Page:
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My New Car is a Lemon

September 15, 2016

            On a Monday, you sign on the dotted line and get the keys to a new – or new to you – car.  By Thursday, your new ride is pouring smoke from under the hood.  You feel like you’ve just been taken advantage of, you’re frustrated, and you’re mad.  You just cannot believe that you paid a lot of good money for this hunk of junk.  The main question is: what can you do about it?

            The answer depends on whether your new car has a warranty.  Nearly all brand new cars (that is, zero miles on the odometer at sale) are purchased with a warranty, and Mississippi’s lemon law requires the manufacturer to take reasonable steps to fix any mechanical problem with the vehicle at no cost to you.  If the vehicle cannot be repaired after several attempts, the law presumes your new vehicle to be a “lemon,” entitling you to make a claim for damages or replacement.  Lemon law claims are technical, so you should hire a lawyer to guide you through the process.  In most instances, you can claim reimbursement of your legal fees from the manufacturer for its breach of a consumer warranty.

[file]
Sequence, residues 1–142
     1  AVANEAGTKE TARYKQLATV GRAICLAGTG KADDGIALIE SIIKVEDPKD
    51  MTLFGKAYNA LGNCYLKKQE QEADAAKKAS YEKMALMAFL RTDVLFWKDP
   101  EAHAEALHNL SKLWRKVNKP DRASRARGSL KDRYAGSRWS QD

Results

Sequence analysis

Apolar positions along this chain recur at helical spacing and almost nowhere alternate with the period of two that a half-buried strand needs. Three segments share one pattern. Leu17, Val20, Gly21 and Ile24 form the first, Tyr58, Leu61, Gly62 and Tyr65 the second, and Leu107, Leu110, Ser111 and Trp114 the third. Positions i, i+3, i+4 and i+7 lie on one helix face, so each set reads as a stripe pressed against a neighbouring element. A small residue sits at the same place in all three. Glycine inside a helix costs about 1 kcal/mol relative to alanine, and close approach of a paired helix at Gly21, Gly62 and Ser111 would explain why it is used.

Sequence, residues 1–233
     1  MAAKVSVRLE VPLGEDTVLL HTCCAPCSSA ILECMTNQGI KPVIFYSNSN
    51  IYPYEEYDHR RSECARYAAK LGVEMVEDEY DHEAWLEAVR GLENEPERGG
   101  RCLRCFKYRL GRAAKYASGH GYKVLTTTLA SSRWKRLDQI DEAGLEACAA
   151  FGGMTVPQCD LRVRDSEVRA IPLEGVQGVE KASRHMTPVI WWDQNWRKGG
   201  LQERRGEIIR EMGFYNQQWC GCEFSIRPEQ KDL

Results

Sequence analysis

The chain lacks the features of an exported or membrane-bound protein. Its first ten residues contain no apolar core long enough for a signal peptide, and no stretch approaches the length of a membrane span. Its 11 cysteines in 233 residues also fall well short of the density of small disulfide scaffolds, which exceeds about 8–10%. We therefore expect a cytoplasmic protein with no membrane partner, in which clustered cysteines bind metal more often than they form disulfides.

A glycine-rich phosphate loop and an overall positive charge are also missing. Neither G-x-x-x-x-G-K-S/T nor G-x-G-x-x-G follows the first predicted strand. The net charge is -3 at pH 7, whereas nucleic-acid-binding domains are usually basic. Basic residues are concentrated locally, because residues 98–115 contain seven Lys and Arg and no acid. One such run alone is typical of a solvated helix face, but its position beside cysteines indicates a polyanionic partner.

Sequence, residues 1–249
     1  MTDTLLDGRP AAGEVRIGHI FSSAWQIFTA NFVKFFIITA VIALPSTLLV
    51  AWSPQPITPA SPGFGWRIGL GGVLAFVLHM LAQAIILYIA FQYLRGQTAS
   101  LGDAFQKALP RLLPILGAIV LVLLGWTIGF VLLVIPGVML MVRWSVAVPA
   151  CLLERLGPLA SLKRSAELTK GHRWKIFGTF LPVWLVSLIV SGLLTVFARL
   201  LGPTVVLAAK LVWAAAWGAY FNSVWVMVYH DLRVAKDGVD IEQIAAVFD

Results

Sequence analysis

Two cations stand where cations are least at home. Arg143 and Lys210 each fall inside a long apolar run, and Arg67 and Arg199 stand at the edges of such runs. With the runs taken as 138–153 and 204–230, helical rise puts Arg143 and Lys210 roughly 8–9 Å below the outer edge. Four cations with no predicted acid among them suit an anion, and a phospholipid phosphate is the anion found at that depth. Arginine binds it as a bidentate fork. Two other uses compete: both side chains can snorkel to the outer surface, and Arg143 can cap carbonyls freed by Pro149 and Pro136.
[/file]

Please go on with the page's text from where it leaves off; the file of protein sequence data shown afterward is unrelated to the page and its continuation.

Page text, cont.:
If you purchased a used vehicle, your options are likely more limited.  Check to see if your vehicle is still under the manufacturer’s warranty.  If so, you may have a claim for the manufacturer to repair your vehicle.  Also, check to see if the seller of the vehicle issued a warranty as part of the sale, which may cover the cost of repair.  Unfortunately for many consumers, Mississippi follows the rule of “buyer beware.” This means that no warranty was issued by the seller as part of your purchase, you will likely be footing the bill for the cost of repair of your newly purchased used car.

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